Eine Reise durch Brasilien, und Egberto Gismonti klingt dabei fast so, als wäre nichts weiter geschehen in all der Zeit, außer dass sein Gitarrenspiel noch großartiger, seine Musik komplexer klingt als je zuvor. … Die Orchester-Suite „Sertoes Vereda“ will als Reise durch Landschaft, Geschichte und Kultur Brasiliens verstanden werden und spiegelt gleichzeitig Gismontis Arbeit und Werk wider als seine Fusion von europäischer und brasilianischer Musik, insbesondere indianischer Folklore und Jazz. … Es ist eine Musik, die mit den Gegensätzen ihres gigantischen Ursprungslandes spielt und die vielfältigen Einflüsse, denen das Land schon immer ausgesetzt war, aufsaugt und zu etwas Eigenem verdaut.
Hans-Jürgen Lenhart, Jazzthetik
“Saudações”, Egberto Gismonti explains, means ‘greetings, salutations, saludos, saluti’. The greetings follow a longer absence, at least on record, this double album marking his first appearance on ECM in 14 years. Although he has been active as a touring musician in the interim and continued to produce recordings by other artists for his Brazilian Carmo label (“Saudações” is a co-production of ECM and Carmo), the multi-instrumentalist and composer has devoted increasingly more time to writing new music for larger ensembles. His last ECM recording “Meeting Point” (recorded in 1995) was made with the Lithuanian State Symphony Orchestra in Vilnius. This time Gismonti opts for interpreters and locations nearer to home: disc one, with the seven-part suite “Sertões Veredas” was recorded in Havana with the Camaerata Romeu, and disc two, a programme of guitar duets and solos, was recorded in Rio de Janeiro with Egberto and his son Alexandre.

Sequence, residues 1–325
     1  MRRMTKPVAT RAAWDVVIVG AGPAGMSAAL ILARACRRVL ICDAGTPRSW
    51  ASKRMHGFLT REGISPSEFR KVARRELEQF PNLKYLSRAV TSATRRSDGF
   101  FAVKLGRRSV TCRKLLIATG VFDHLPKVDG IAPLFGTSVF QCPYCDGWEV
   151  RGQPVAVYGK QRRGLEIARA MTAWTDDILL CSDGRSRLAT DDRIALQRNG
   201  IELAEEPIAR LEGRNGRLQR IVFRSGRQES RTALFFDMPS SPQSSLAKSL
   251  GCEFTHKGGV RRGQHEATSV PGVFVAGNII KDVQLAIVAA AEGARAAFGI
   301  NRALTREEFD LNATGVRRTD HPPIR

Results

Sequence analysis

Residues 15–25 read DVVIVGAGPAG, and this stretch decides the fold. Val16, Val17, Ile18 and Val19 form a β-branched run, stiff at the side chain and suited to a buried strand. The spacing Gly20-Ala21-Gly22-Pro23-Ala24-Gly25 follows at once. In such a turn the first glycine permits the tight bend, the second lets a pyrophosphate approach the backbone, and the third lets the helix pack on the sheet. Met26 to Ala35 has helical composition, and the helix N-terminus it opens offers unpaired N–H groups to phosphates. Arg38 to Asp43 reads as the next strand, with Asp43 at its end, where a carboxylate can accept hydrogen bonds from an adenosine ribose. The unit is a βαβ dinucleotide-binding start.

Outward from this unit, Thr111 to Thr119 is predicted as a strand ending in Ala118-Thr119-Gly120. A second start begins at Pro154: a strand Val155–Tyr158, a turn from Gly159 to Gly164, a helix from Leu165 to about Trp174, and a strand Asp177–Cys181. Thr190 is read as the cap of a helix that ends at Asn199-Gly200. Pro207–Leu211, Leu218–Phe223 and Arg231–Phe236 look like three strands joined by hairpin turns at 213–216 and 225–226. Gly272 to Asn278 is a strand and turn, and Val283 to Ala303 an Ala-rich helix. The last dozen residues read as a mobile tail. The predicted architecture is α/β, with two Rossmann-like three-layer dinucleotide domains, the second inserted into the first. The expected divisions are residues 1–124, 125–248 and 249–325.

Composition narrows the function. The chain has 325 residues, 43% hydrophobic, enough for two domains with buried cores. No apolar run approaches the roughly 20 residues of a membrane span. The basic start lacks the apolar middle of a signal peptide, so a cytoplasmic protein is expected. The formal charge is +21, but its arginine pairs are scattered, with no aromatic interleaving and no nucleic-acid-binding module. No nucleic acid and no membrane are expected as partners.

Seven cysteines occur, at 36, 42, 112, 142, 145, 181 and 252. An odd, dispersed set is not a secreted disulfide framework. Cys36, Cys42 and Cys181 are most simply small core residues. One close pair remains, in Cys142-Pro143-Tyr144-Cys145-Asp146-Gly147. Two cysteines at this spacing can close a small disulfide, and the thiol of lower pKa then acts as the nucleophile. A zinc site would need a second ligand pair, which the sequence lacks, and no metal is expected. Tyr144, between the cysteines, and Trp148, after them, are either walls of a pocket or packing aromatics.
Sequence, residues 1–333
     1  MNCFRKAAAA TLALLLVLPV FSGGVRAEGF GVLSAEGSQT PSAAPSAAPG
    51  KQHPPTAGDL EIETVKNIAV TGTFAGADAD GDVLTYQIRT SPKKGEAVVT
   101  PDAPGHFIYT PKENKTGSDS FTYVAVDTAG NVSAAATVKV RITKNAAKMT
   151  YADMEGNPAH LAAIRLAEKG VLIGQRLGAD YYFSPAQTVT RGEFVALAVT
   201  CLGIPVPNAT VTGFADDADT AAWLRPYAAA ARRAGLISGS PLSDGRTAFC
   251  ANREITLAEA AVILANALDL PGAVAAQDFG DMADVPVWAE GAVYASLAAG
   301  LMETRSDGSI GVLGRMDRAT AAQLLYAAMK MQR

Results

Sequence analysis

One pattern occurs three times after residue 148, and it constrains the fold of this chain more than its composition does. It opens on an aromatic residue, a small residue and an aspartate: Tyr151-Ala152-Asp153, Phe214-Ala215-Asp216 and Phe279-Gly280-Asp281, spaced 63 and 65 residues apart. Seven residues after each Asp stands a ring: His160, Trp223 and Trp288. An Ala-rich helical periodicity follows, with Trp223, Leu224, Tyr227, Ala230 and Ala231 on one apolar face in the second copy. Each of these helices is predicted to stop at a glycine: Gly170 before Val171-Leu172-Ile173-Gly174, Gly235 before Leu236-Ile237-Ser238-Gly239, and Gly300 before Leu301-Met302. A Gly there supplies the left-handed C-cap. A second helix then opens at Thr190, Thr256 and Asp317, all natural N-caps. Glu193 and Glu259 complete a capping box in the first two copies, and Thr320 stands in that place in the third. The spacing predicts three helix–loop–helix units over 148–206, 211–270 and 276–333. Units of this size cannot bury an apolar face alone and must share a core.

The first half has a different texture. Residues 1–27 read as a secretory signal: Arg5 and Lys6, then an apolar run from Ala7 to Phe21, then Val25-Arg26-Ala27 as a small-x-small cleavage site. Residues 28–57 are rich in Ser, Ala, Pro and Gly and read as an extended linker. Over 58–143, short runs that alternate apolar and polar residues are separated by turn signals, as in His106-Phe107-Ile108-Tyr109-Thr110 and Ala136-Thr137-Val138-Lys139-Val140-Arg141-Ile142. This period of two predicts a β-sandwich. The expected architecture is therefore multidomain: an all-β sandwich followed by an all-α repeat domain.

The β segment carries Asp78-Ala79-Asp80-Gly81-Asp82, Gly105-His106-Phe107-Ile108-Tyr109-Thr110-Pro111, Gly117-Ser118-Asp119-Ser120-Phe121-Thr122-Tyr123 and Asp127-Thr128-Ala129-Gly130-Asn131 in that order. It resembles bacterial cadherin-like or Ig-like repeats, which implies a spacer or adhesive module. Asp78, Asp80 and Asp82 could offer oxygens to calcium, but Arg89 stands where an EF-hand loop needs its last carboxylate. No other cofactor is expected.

The “Sertões Veredas” suite, as Lilian Dias remarks in the liner notes, “takes a musical journey through Brazil, revealing, in a diffuse way, the different faces of its people, culture and history. It’s a journey through time and space, in a permanent exchange between music, literature and cinema, where nothing is left untouched and everything goes through a deep transformation. However, the translation of this scenery of dreams in the language of music, leads us through a maze of memories and allusions, voices and colors, sounds and images”.

In Gismonti’s writing here, influence from the European tradition, from Vivaldi to Stravinsky, takes its place alongside influences from folk forms, Xingu Indian ritual, film music, choro, Villa Lobos and more. Elements are contrasted, juxtaposed, interwoven and the demarcation lines between so-called serious and popular genres blurred. “All European cultures, and other cultures, are part of ours” Gismonti told one journalist when “Meeting Point” was released, and the new suite’s subtitle, “Tribute to Miscegenation” makes it plain that Gismonti is once again celebrating the cultural and ethnic mix that is unique to Latin America and to Brazil in particular.

Cuba’s Camerata Romeu, an intriguing young chamber orchestra staffed entirely by female musicians under the direction of conductor Zenaida Romeu is devoted exclusively to the performance of South American music. In the film “Cuba Mia”, a documentary about the orchestra, the conductor talks about her mission, focusing on the specific qualities -rhythmic, philosophical, poetic – that make south American composers a force apart in the music world. Romeu’s interpretation of Gismonti’s music is characteristically committed, “accompanying our long paths with joy all the way from Havana.”

The suite was recorded in Havana’s Teatro Amadeo Roldán in August 2006. In April and May of the following year, in Rio de Janeiro Gismonti recorded a further programme “Duetos de Violões” with his talented son Alexandre .This selection includes new arrangements of a number of Gismonti favourites including “Lundú”, “ZigZag” and “Dança dos Escravos”. There are seven duets. Additionally, Alexandre plays solo on “Palhaço” and his own “Choro Antônio”, and Egberto solos on the title track, “Saudações”.